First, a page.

I imagine for a lot of people they see a man in charge of our transfer dealings, know nothing about him and base their opinion on him on the fact that he looks a little bit like Boris Johnson and Keith Lemon's love child. He may well be hopeless, out of his depth and a disaster in the long run but it is crazy to be at that conclusion already. It is based on very, very little.

We must also not forget that they inherited a mess. Once the loans and out of contract players had left at the end of last season there was nothing but a carcass of a squad left for them to try and transform. For example, we had one fullback in the entire first team squad (Bardsley) and he was never going to play again under Di Canio.

The squad had three senior central defenders, all of whom are old and, in the case of Wes Brown, been in traction for about two years.

In midfield they had countless plodders on big money and several entering the last year of their contracts leaving them with little value in the transfer market.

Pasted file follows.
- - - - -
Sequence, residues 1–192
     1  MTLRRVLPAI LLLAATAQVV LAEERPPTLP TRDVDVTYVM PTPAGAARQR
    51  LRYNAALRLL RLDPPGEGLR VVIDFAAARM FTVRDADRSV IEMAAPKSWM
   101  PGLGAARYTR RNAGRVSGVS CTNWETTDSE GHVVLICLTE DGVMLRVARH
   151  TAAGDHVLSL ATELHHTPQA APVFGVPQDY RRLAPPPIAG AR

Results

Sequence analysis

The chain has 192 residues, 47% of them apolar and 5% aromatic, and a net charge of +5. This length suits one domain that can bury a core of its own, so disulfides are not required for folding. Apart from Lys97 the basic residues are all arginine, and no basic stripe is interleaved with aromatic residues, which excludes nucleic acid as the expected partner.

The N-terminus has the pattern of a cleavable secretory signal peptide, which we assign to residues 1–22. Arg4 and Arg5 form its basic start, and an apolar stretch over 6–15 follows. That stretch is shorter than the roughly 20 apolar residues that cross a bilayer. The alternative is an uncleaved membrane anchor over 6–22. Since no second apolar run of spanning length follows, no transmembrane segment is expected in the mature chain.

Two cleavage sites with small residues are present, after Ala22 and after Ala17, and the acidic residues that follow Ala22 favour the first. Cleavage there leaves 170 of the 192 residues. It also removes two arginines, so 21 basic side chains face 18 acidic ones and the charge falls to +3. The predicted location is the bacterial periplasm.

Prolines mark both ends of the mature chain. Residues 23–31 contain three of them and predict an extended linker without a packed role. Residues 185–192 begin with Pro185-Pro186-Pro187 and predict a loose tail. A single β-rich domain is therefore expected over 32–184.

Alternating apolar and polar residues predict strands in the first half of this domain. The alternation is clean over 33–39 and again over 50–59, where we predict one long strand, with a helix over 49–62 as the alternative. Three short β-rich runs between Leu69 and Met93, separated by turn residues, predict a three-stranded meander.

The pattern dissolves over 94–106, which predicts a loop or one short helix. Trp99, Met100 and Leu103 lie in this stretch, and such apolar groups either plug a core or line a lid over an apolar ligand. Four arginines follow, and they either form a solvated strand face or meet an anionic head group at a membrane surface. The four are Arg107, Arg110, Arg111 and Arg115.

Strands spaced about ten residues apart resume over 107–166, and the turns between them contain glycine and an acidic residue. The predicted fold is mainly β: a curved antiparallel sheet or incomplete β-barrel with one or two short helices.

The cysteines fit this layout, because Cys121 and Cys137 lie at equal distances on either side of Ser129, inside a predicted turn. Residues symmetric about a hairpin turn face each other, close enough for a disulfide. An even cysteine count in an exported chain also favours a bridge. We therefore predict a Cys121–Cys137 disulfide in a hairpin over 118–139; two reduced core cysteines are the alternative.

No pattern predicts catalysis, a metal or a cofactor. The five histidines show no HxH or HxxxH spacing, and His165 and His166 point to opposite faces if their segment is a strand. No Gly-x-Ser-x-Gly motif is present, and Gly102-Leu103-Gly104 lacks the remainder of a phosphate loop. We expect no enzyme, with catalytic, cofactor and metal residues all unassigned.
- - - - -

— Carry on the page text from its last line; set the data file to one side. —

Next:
On the wings we had Adam Johnson, and Elmohamady was still on the books.

The striking options included Danny Graham, Ji and Connor Wickham. Even the fans with the highest levels of blind faith must admit that De Fanti and Angeloni started from an extremely low point.

Given that low starting point, and add to that the new financial fair play rules, it shows that they had an unenviable job on their hands. The financial fair play rules are not to be sniffed at - they can result in a points deduction if breached. These rules and our wages to turnover ratio really did limit the amount of manoeuvrability that we had in the transfer market. Sunderland get large numbers through the turnstiles but we have very low (by Premier League standards) ticket prices.

Our sponsorship deals are generally not as lucrative as the bigger boys' deals and there is no money from European football. The result of which is a relatively low turnover and Short has been taking the hit of a net loss of £25m per year in the accounts. Despite all of that our wage bill was still 8th largest in the entire league.

I often took issue with people criticising Short for not splashing out on transfer fees and accusing him of asset stripping. It is nonsense and do not let anybody trick you into believing otherwise. The club had very little room on the wage bill and there was no option but to sign lots of players as the squad had gaping holes everywhere.